I cannot think of many less festive offerings than Richard Avedon Portraits (Abrams, £24.95), but it has to be admitted that his merciless exposure of such grotesques as a blood-and-guts-spattered rattlesnake-skinner and a Duncan Goodhew-lookalike beekeeper, whose naked body is swarming with the six-legged tools of his trade, makes one sit up and take note. One of the minor pleasures of this collection is that literary and artistic celebrities have the same unflinching treatment meted out to them as drifters, and unless one happens to recognise the likes of William Burroughs, it is hard to tell which is which.
After Avedon, the images in Richard Calvocoressi’s Lee Miller: Portraits from a Life (Thames & Hudson, £27.50), with the exception of the occasional dead Nazi, seem positively reassuring. Here too the mix consists of A-list cultural glitterati – from Picasso and T. S. Eliot downwards – and ordinary people, and again there is a lot of blurring of boundaries. Lee Miller and her husband Roland Penrose lived on a farm in Sussex and evidently delighted in forcing their visiting friends to muck in. Freddie Ayer looks amazed to find himself carrying a basket of wood for the fire, while Alfred H. Barr, the legendary founding director of the Museum of Modern Art in New York, is gamely pouring a bucket of pigswill into a trough for a couple of smiling porkers.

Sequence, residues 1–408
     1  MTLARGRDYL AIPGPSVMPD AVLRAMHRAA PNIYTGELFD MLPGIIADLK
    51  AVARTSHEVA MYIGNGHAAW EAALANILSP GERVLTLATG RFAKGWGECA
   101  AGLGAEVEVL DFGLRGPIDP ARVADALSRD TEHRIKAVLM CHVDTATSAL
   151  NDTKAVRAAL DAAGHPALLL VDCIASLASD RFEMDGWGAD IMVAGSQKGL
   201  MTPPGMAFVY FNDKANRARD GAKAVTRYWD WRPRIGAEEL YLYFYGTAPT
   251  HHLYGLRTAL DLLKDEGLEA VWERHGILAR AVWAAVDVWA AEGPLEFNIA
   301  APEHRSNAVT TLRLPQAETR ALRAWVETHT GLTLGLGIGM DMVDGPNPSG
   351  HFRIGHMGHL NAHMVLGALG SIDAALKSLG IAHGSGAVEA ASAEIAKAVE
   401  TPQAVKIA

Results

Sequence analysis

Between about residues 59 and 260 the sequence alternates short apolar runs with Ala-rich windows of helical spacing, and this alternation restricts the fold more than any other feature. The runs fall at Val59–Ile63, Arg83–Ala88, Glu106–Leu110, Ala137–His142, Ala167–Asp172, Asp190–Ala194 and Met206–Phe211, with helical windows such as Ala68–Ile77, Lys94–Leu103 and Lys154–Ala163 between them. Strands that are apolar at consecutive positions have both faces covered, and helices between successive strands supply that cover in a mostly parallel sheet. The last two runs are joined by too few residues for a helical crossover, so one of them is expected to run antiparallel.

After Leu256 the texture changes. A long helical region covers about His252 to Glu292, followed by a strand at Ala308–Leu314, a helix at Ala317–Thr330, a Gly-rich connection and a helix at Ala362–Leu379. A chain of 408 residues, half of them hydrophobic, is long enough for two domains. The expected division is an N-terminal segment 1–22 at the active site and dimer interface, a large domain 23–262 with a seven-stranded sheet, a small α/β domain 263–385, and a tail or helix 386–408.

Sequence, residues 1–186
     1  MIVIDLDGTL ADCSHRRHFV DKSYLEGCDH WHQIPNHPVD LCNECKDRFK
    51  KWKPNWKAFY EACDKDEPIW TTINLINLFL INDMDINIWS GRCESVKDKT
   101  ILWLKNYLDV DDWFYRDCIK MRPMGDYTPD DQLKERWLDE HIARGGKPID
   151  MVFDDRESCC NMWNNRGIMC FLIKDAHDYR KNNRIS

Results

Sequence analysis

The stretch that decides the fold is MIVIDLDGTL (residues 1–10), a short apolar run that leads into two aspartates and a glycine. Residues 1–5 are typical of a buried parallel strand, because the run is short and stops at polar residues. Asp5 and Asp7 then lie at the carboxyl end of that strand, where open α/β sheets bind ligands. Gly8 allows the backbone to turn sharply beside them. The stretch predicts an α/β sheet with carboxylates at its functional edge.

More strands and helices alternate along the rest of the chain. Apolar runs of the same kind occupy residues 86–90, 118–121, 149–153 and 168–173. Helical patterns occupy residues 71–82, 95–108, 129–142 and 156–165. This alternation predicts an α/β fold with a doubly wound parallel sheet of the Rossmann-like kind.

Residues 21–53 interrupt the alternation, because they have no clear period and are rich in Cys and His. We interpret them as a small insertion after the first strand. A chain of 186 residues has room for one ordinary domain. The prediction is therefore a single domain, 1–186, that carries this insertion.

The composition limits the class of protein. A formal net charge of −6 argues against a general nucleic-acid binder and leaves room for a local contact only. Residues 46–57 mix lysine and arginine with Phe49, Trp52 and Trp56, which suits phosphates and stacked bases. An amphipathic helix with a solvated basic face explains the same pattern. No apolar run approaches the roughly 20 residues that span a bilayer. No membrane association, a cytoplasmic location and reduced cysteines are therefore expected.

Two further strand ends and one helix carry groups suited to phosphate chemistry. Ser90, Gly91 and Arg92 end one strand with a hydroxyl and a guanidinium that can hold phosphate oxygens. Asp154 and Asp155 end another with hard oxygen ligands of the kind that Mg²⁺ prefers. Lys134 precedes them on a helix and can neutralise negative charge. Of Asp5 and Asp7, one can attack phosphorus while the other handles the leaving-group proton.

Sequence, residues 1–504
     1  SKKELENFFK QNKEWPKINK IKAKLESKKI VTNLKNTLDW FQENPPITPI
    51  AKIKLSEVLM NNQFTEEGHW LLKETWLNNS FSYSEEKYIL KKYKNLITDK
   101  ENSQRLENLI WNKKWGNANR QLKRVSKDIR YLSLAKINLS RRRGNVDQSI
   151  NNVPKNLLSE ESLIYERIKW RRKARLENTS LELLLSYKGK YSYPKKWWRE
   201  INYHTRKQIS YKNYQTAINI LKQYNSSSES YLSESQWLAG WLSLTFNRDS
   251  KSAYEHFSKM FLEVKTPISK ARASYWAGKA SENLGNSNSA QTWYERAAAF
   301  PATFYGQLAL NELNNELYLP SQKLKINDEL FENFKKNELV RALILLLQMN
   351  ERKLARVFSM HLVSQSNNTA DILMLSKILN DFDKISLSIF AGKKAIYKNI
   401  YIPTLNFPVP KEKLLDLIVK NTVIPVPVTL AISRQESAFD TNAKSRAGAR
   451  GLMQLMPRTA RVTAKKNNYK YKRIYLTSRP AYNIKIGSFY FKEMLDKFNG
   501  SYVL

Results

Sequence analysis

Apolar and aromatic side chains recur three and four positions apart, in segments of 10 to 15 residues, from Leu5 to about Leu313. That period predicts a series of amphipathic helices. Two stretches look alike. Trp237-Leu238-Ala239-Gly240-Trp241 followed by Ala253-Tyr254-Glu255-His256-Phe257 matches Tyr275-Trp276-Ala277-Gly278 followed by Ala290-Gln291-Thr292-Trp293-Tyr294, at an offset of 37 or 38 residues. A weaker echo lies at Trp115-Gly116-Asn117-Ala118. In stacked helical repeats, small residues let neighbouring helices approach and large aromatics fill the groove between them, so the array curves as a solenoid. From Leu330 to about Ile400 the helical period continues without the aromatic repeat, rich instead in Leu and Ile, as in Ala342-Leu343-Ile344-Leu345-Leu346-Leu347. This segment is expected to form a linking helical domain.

Torture is far from being an exclusively modern sport, of course, and arguably its most memorable Renaissance chronicler was Signorelli. Luca Signorelli: The Complete Paintings by Tom Henry and Laurence B. Kanter (Thames & Hudson, £48) does ample justice to his remarkable frescoes in Orvieto cathedral, with their army of savage, cadaverous devils, but also illustrates the rest of his achievement in spectacular detail.